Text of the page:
Chapter 4 Notes.odt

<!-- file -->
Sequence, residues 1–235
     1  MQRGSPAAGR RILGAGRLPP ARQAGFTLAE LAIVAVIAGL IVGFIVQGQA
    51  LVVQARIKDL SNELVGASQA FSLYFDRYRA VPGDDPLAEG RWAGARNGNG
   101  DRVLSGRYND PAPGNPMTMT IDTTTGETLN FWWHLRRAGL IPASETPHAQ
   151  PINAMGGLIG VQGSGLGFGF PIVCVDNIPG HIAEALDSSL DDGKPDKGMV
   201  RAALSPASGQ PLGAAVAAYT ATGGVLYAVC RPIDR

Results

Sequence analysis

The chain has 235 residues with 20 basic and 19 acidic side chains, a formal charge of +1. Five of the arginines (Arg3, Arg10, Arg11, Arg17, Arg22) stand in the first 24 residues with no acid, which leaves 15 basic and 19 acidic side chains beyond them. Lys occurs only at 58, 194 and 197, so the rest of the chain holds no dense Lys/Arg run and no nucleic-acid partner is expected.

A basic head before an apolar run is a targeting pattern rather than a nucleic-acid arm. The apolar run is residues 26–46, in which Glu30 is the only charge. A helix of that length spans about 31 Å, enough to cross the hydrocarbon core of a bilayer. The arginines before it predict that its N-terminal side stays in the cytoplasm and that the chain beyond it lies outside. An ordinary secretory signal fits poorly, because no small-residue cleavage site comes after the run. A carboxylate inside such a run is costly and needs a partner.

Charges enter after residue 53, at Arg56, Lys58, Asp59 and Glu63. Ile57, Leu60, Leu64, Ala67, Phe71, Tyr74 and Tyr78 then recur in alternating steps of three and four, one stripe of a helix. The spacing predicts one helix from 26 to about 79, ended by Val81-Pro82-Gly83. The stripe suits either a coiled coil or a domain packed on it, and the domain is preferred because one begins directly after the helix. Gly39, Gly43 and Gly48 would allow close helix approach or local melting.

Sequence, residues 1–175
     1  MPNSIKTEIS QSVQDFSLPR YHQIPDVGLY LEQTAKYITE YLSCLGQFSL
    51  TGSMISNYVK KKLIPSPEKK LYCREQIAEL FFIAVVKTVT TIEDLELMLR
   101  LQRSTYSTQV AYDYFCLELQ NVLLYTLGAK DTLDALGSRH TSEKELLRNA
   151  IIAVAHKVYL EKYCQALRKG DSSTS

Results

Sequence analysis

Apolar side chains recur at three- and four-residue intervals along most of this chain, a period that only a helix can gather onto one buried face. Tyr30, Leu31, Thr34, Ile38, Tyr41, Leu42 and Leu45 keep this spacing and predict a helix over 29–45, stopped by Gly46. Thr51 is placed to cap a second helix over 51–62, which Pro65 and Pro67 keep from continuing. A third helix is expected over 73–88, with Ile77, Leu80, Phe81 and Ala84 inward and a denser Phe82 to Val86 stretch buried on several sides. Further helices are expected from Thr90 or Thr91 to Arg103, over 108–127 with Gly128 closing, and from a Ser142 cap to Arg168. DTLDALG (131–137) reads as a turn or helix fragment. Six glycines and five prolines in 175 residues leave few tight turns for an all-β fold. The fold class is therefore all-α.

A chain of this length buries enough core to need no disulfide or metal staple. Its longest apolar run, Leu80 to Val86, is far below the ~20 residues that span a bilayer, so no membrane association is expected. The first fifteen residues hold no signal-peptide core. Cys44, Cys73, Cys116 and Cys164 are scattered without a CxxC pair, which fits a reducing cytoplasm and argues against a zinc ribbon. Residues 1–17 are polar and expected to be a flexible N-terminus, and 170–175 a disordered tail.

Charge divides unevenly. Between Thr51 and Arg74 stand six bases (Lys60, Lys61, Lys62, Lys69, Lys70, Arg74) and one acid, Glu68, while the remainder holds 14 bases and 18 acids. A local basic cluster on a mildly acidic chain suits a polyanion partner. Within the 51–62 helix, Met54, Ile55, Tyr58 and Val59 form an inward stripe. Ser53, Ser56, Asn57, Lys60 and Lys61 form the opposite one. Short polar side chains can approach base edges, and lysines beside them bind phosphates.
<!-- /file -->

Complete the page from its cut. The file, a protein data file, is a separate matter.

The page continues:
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Patricia Castro Chapter 4: Growth and Crisis in Colonial Society (1720 – 1765) I. New England’s Freehold Society • 1630's Puritans fled England → small elites of nobles owned 75% land (leaseholding) • Contrary, New England → Puritans had society of equal landowning farm societies but by the 1750's the migrant's descendants had the best farmland A. Farm Families: Women in the Household Economy • Puritan's vision of social equality didn't extend to women • Being richer, smarter, higher social status mattered little 1. Husband the Head of the Household • Wife's duty to love and reverence husband • Women learned subordinate role throughout lives ◦ were told to be silent ◦ were prosecuted way more for having affairs ◦ marriage portions were inferior to brothers 2. Wife as the “Helpmate” • Farm wives tended garden, wove clothes, preserved meat, fermented malt, etc. • Notable women were those who excelled at domestic arts. 3. Motherhood • Bearing/rearing children quite important • Married early 20's • By early 40's had 6 children • Although taking care of their children took physical/emotional strength → most Puritan congregations were filled with women • As farms shrank, mothers now had less children (1750's - 4 children) • Now women had time for other activities = raising living standards 4. Restrictions • Ministers praised women for piety but didn't have equal role in church • Women sought other churches were treated equally (Quakers) • 1760's evangelical congregations had lost religious zeal = men's dominance B. Farm Property: Inheritance • Owning property gave formerly dependent peasants a new identity. • Property Ownership and family authority were closely related. 1. Family Authority • Migrating Europeans wanted farms could provide: ◦ living for themselves ◦ land for children • Those who didn't give land to children ◦ Placed children as indentured servants in more prosperous households ◦ When child was 18-21 indenture ended ▪ Had to climb ladder from laborer-tenant-freeholder 2. Children of Wealthy Parents • Received marriage portion (land, livestock, farm equipment) ◦ Repaid children for past labor and allowed parents to choose partners • Son/Daughter's in law were important → parent's security during old age • Although children could refuse match → didn't have luxury of falling in love 3. Marriage • Bride relinquished all property to husband Patricia Castro • If widowed → dower right (1/3 family property) • Widow died → divided among children 4. Father’s Duty • Provide inheritance ◦ Failed to do so → lost status • Gave older child family farm • Other children given: ◦ money, apprenticeships, or uncleared land ◦ or required inheriting son to do so • Other yeomen families moved to frontier were land was cheap but life hard • Men and women were no longer insignificant subjects of society marked by poverty C. Freehold Society in Crisis 1. Population Increase • Pop doubled every 25 years (starting with 100,000 in 1700) • Farms were divided and then subdivided: ◦ Now parents only provide adequate inheritance for one child ◦ Next generation owed 60% less than parents ◦ Overfishing → depleted rivers 2. Changes in Family Life • Since parents had less to give to their sons/daughters: ◦ less control over children lives → arranged marriages broke down ◦ premarital conceptions rose dramatically → urgency of pregnancy to win permission to marry • Maintained freeholder ideal • Parents chose to have smaller families → birth control • Others provisioned the prov. Gov. for frontier land grants • Other's increased farms' productivity by: ◦ changing English crops (barley/ wheat) with potato and maize • New England changed from a grain to a livestock economy (major exported salted meat) 3. “Household Mode of Production” • System of community exchange • Women/children/men/farmers/artisans had respective jobs • Either repaid them with ◦ own products ◦ recorded debits and credits and balanced books every few years • System allowed to maximize agricultural output and maintain freeholder ideal II. Toward a New Society: The Middle Colonies, 1720–1765 • New York, New Jersey, Pennsylvania • Ethnic and religious communities coexisted uneasily A. Economic Growth and Social Inequality • Ample fertile land → attracted immigrants, grain exports to Europe • Demand for wheat doubled prices (1720-1770) → brought prosperity • Pop increased from 120,000 to 450,000 1. Tenancy in New York • Many migrants refused to live in Hudson River Valley → land of wealthy Dutch and English ◦ Created by Dutch West India Co. • New York landlords desired to live as European gentry ◦ Few migrants wanted to work as peasants Patricia Castro • To attract tenants: ◦ granted long leases with right to sell improvements to next tenant ◦ still numbers rose slowly • Most tenant families hoped with hard work and ample sale they could buy own farmsteads ◦ Due to preindustrial tech during harvest it was impossible (less output) • 1750s cradle scythe tripled amount grain per worker ◦ Yet, after saving enough grain for food and seed, surplus was 15 euros → ▪ just enough money to buy salt, sugar, and clothe 2. Conflict in Quaker Pennsylvania • Wealth initially divided more evenly than New York • First immigrants lived simply → only few wealthy ate from England imported ceramic plates • Division in society caused by: ◦ expanding wheat trade ◦ influx of poor settlers • By 1760's: ◦ Landowners were using slaves and poor Scot-Irish to grow wheat ◦ Others buying land and dividing into small tenancies ◦ Others accumulated wealth by providing new settlers with: ▪ farming equipment, financial services ▪ sugar, rum • A distinct class of agricultural capitalist was formed by ◦ large-scale farmers ◦ storekeepers ◦ rural landlords ◦ gristmill operators ◦ speculators • ½ middle colonies white men owned no land and little personal property ◦ Most were inmate Scot-Irish or Germans ◦ many hoped hard work would get them land → steep rise is land prices = impossible 3. Landlessness and Crime • Crime rose sharply after 1720 • Religious people broke few lawa • Those who commited crimes were: ◦ propertyless ◦ Scot-Irish ◦ indentured servants ◦ all three • Merchants and artisans took advantage of labor supply ◦ paid poor families/propertyless to make clothes • By 1760s many communities were as crowded and social divides as rural England B. Cultural Diversity 1. Middle Colonies Not a “Melting Pot” • Migrants preserved their cultural identity by: ◦ marrying within ethnic groups ◦ maintaining Old World Customs • Major exception: Huguenots → Calvinists expelled from France who soon lost French identity • Typical: Welsh Quakers ◦ 70% Welsh migrants married Quakers • In Penn and W NJ, Quakers shaped culture because of ◦ number ◦ social cohesion ◦ wealth ◦ Brought with them local village gov, popular part in politics, and social equity • They were also pacifists → bought land from NA instead of seizing it • Extended belief of equality to African Americans → condemned, expelled Patricia Castro ◦ Yet 1737 Gov Thomas Penn used sharp tactics → displace Delaware Indians → war 2. The German Influx • Quaker version of “peaceable kingdom” attracted 100, 000 Germans migrants ◦ fled homeland because ▪ military conscription ▪ high taxes ▪ religious persecution • First Germans to arrive where Mennonites → freedom of worship • Second wave → redemptioners & propertied farmers/artisans looking better opps • Many migrants preserved their cultural identity ◦ not marrying with English/British aka preserve German blood/language • Willing colonial subjects of Britain's German born and German speaking Protestant monarchs • Generally avoider politics except to protect cultural practices 3. Scots-Irish Settlers • Most numerous of incoming Europeans • Irish & Catholic/ Scots and Presbyterian (descendants of Calvinists Protestants) ◦ Scots faced hostility from Irish Catholics and English ◦ Irish Test Act of 1704 (fucked the Scots) • Religious tolerance → Philadelphia • Cheap land → Pennsylvania • Like Germans, Scot-Irish retained culture C. Religious Identity and Political Conflict • In W Europe, leaders of church and state condemned religious diversity. 1. Religious Diversity • Although minister in Penn couldn't involve gov authority to uphold religious values, the result was not social anarchy. • Instead religious sects enforced moral behavior through communal self-discipline. ◦ Quaker meeting allowed coupled to marry only if enough $ support family → ▪ Well of Quakers married and poor remained unmarried • 1740's Quaker dominance threatened by flood on new migrants (30%) • Scot-Irish demanding aggressive Indian policy → challenging pacifism • To retain power Quakers allied with religious German who embraced voluntary military service ◦ in return, Germans demanded more seats in assembly • Other Germans tried to seize control assembly → general confederacy • The Middle Atlantic's experiment in social diversity prefigured the bitter ethnic and religious tensions that would pervade American society in centuries to come. III. The Enlightenment and the Great Awakening, 1720–1765 • Enlightenment: emphasized power human reason understand world ◦ Appealed to urban artisans, well-educated, merchant/planter fams • Pietism: Christian movement emphasized relationship w/God ◦ Appealed to farmers, urban laborers A. The Enlightenment in America • Some settlers relied on: ◦ folk wisdom (magic flowers) ◦ religion (signs of God/Satan intervention) 1. The European Enlightenment th th • 16 /17 Sci Revolution challenged folk and Christian worldviews ◦ Copernicus Patricia Castro ▪ Humans occupied more modest place in universe ◦ Isaac Newton ▪ movement of planets w/o supernatural being • Philosophers used sci reasoning/empirical research ◦ Came to 4 fundamental principles: ▪ law like order ▪ natural rights (life, liberty, property) ▪ power human reasons ▪ progressive improvements of society 2. John Locke • Argued that: ◦ character of societies could be changed through ▪ education ▪ purposeful action ▪ rational thought ◦ Authority was not given by God but derived from social compacts to preserve natural rights ◦ People should have power change/form of gov • Locke's ideas caused clergymen to respond by devising rational form of Christianity 3. Franklin’s Contributions • Exemplar of American Enlightenment ◦ Apprenticed as a youth to a printer ▪ Self-educated • Deist → Supreme Being created world, allowed to operate by natural laws, and didn't intervene ◦ not a religion but way of thinking ◦ rejecting Christ's divinity and Bible → relied on natural reason • Poor Richard's Almanack ( see notes) • Founded American Philosophical Society ◦ first significant nonreligious periodicals to appear in colonies Franklin inspired B. American Pietism and the Great Awakening 1. Pietism (emphasized pious behavior) • Christian movement originated Germany • appealed to believers' hearts rather than minds • Sparked religious revival in Pennsylvania and NJ (1720s) 2. Jonathan Edwards’s Calvinism • Original Puritans were intensely pious but faded over decades • Edward's restored that zeal in Connecticut R. Valley • Father → poorly paid minister • Mother → daughter of Solomon Stoddard (famous preacher) ◦ taught compassionate God would give sainthood ◦ Edward's rejected Solomon's thinking • He said men/women were completely helpless dependent of God's mercy • Accepted Locke's argument that ideas are the product of experience conveyed by senses ◦ and also argued people's beliefs depended on passions 3. Whitefield’s Great Awakening (English) • Transformed local revivals of Edwards into Great Awakening • Perso